Graduate Trainee, University of California, San Diego
1 active project
Research Program for Vision Surveillance: Diabetes and Diabetic Retinopathy
Scientific Questions Being Studied
How do data from the All of Us database compare against known data sources that are considered to be representative of the general population and have been traditionally used in vision health surveillance activities (such as NHANES, NHIS, etc.)? How does All of Us compare to existing big-data sources such as IQVIA?
There is increasing interest in understanding how social factors impact health and vision outcomes. Social determinants of health are important considerations for disease management and prognosis, and our representative use case (diabetes and diabetic retinopathy) has huge implications for our health system as the leading cause of blindness and visual impairment among working-age adults in the United States. By answering the above questions, we can determine whether the All of Us database is representative and may be broadly generalizable for future studies.
- Control Set
- Develop standard cohort definition for diabetes
- Develop standard cohort definition for diabetic retinopathy
- Determine prevalence of diabetes and compare across different data sources – All of Us, NHANES, NHIS, IQVIA
o Numerator: Number of adults with diabetes
o Denominator: Total number of adults available in data source
- Determine prevalence of diabetic retinopathy and compare across different data sources – All of Us, NHANES, NHIS, IQVIA
o Numerator: Number of adults with diabetic retinopathy
o Denominator: Total number of adults available in data source vs. total number of adults with diabetes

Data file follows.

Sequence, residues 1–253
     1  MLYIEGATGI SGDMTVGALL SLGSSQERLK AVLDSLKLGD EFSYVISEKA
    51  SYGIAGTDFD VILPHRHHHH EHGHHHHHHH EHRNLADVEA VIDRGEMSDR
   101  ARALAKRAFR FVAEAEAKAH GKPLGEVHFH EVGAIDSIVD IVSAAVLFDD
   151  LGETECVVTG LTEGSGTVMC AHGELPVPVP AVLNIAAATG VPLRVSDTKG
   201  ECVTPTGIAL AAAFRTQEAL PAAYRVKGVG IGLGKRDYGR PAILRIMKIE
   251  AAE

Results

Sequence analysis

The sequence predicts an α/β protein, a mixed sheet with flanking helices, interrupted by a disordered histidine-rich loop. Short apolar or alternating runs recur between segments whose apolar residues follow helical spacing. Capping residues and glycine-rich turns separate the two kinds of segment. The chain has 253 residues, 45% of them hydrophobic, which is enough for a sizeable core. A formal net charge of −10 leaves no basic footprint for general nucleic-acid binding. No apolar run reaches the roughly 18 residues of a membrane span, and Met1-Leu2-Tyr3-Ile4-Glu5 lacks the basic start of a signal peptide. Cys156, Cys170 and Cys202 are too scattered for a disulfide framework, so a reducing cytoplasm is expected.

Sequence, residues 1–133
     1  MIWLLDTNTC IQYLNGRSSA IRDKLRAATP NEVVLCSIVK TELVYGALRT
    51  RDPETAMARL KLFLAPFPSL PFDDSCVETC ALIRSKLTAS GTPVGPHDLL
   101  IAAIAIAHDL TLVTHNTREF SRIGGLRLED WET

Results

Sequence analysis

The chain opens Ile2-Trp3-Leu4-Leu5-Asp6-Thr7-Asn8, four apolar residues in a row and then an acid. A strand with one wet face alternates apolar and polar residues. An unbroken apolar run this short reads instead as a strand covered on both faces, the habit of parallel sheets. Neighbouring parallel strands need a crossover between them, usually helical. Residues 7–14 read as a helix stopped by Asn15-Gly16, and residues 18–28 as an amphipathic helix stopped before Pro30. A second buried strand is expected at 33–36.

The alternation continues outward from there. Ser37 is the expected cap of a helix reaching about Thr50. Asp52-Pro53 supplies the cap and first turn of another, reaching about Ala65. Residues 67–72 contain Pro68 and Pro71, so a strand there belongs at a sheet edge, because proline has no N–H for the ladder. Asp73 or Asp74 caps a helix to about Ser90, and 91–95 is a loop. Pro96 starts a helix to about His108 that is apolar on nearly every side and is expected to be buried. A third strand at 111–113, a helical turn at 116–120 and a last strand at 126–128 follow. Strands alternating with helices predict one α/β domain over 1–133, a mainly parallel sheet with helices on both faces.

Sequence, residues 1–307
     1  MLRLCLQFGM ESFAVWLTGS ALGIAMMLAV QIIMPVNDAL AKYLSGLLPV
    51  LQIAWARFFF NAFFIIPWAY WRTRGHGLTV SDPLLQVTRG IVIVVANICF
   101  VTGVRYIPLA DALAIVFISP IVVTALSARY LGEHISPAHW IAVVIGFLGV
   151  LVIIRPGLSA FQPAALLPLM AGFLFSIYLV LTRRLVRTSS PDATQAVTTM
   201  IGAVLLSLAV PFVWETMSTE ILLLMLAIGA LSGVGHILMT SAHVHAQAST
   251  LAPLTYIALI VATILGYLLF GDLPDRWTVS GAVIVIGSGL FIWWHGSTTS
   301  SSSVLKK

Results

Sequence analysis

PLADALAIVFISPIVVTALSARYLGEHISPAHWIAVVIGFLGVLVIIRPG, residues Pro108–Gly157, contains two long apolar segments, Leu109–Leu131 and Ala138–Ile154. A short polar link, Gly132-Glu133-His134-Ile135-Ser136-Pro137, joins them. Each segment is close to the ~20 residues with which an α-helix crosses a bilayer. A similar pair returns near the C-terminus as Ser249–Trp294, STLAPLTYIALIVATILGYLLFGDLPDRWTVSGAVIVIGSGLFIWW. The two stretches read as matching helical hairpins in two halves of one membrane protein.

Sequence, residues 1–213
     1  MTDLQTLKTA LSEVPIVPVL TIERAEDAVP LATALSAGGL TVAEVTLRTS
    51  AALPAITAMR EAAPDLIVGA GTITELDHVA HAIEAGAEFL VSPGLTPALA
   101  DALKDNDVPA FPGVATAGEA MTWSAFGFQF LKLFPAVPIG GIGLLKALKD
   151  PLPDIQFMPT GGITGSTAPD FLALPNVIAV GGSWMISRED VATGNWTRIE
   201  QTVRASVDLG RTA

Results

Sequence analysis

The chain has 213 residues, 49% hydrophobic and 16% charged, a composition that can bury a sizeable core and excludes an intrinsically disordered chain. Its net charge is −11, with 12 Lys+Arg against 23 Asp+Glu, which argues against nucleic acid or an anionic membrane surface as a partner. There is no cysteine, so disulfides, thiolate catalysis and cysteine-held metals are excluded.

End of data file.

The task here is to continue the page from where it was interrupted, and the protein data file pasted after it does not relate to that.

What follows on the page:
- For prevalence calculations, will need to establish defined study periods and ensure consistency across data sources
- Potential analyses:
o Look at state/regional variations
o Examine demographics (age, gender, race, ethnicity) of cohorts across data sources
- Identify areas of similarity/alignment vs. differences
If we are able to demonstrate that the All of Us database is representative and aligns with existing nationwide data sources, then findings regarding links between social determinants and vision health outcomes using All of Us would be felt to be more broadly generalizable. On the other hand, if there are major discrepancies between All of Us and previously established data sources, this would be important information for the vision research community to be aware of, and this could even inform future efforts to make the database more representative.
Demographic Categories of Interest
- Race / Ethnicity
- Access to Care
Data Set UsedRegistered Tier
- Sally Baxter - Research Fellow, University of California, San Diego
- Priyanka Soe - Project Personnel, University of California, San Diego
- Michael Wolfe - Graduate Trainee, University of California, San Diego
- Cecilia Vallejos - Undergraduate Student, University of California, San Diego
- Bharanidharan Radha Saseendrakumar - Project Personnel, University of California, San Diego
You can request that the All of Us Resource Access Board (RAB) review a research purpose description if you have concerns that this research project may stigmatize All of Us participants or violate the Data User Code of Conduct in some other way. To request a review, you must fill in a form, which you can access by selecting ‘request a review’ below.